Don’t be afraid to say someone’s name a second time in a sentence — like this: “Kavanaugh sided with Alito 91% of the time in Alito’s first term.” (Actually, this isn’t possible. Kavanaugh wasn’t on the court during Alito’s first term. But what if you didn’t have encyclopedic knowledge of Supreme Court history when you came across this sentence in Time magazine? You would have to rely on the writing for your information! Just imagine.)

(Ladies and gentlemen of the jury, I rest my case.)

Who was unnecessary?

“Bjerknes was a Norwegian physicist who was born in 1862,” Hannah Fry writes in The New Yorker.

I would delete “who was” to make the sentence as simple and straightforward as possible. “Who was” doesn’t make anything clearer; these words don’t add any panache, or even any connotation.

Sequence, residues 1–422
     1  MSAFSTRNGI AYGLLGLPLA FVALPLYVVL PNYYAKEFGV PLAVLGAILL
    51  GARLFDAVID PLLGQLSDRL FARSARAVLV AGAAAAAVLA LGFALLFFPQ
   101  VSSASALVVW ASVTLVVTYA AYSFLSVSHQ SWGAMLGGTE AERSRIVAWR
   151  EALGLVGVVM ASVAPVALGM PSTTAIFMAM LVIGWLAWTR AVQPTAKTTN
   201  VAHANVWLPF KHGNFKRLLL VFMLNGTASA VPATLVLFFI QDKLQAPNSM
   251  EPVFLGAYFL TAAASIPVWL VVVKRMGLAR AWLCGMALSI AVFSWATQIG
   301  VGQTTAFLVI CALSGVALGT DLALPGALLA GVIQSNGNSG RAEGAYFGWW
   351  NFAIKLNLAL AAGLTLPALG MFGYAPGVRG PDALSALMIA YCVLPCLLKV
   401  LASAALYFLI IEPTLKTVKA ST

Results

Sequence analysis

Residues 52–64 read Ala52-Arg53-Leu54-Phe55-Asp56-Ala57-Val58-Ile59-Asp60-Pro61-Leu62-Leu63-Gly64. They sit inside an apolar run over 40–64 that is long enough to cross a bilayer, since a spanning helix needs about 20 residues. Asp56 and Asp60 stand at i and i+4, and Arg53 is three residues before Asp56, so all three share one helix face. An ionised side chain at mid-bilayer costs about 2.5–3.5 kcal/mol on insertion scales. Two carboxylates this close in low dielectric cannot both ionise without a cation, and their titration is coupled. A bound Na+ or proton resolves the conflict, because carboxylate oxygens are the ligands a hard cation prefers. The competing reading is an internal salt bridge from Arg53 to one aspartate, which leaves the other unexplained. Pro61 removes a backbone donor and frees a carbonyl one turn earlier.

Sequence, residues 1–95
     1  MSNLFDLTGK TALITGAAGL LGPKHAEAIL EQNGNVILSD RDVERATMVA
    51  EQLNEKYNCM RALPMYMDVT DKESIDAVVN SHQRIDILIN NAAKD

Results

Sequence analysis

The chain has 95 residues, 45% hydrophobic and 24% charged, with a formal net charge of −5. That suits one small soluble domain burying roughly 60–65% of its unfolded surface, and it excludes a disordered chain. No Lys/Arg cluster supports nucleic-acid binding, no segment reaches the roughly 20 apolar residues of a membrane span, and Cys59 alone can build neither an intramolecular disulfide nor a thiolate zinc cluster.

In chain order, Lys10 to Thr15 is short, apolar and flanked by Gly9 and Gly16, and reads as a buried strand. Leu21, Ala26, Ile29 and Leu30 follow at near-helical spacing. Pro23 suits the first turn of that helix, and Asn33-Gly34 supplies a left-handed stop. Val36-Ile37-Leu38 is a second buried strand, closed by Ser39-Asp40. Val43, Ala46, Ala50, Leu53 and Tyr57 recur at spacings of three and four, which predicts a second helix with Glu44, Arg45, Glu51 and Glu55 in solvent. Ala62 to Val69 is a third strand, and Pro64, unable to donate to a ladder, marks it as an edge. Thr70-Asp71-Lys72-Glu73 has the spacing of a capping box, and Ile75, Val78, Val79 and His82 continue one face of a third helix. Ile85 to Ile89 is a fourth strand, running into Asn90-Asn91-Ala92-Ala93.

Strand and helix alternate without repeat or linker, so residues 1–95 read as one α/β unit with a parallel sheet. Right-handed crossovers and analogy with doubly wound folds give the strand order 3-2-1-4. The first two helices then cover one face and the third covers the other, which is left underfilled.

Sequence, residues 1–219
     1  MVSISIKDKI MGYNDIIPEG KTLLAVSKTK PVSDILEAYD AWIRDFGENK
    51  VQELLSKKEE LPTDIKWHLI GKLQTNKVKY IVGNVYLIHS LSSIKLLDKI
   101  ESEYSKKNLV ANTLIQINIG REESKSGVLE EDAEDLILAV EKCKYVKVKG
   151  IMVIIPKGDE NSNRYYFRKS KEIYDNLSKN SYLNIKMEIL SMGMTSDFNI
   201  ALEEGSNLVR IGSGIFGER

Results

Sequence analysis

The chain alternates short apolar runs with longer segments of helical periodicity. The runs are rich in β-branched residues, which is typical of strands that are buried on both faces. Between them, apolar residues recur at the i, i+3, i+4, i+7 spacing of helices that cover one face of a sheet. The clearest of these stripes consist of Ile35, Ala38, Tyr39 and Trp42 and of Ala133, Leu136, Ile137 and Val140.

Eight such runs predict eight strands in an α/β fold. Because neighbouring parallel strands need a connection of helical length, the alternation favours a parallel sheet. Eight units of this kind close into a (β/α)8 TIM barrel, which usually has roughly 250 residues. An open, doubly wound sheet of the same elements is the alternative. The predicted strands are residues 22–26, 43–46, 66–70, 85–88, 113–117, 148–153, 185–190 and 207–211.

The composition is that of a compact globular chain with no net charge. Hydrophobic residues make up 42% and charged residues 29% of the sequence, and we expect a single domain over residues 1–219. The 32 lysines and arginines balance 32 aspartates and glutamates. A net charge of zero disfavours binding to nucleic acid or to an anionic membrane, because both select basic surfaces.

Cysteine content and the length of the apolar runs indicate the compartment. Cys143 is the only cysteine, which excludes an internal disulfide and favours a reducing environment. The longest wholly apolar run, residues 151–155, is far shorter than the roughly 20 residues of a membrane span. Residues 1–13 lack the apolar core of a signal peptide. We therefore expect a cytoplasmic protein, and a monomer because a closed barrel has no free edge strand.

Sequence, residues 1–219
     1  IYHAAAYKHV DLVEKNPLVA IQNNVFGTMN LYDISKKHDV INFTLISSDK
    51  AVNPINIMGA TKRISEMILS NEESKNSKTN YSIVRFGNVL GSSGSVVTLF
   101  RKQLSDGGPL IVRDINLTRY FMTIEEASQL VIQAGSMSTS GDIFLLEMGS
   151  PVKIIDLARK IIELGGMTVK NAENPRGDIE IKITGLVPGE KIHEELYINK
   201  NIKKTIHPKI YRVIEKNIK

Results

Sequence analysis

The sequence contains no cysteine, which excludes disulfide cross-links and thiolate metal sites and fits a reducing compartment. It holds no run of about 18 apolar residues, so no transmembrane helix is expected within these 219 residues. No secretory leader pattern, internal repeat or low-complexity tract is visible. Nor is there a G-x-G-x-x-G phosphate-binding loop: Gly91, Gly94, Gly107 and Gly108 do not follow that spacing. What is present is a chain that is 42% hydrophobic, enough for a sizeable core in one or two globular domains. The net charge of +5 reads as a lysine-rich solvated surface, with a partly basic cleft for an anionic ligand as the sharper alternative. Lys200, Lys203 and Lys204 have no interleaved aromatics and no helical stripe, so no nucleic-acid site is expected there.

As you’re writing, set your alarm to go off every time you use “who” or “that.” It’s often a sign you’ve gummed up your writing unnecessarily.

Also avoid using unnecessarily when you don’t need to.

Be sure to overdo it, OK?

  • One thing that Rams head coach Sean McVay made headlines for this offseason in regards to that game is over-preparing a bit too much.

I always try to over-prepare just enough.

And use exactly the correct number of too many words.

(P.S. “Made” is past tense; “is” is present tense. Gotta line up those two players, coach.)

Two parentheses, overly easy

Thanks to Hannah Fry’s article in The New Yorker about weather forecasting, I humbly suggest that we all smooth out our use of parentheses.

  • “As Blum’s detailed (sometimes overly so) chapters on satellites make clear…”

The break for the parenthetical phrase is choppy, awkward, a bit hard to follow.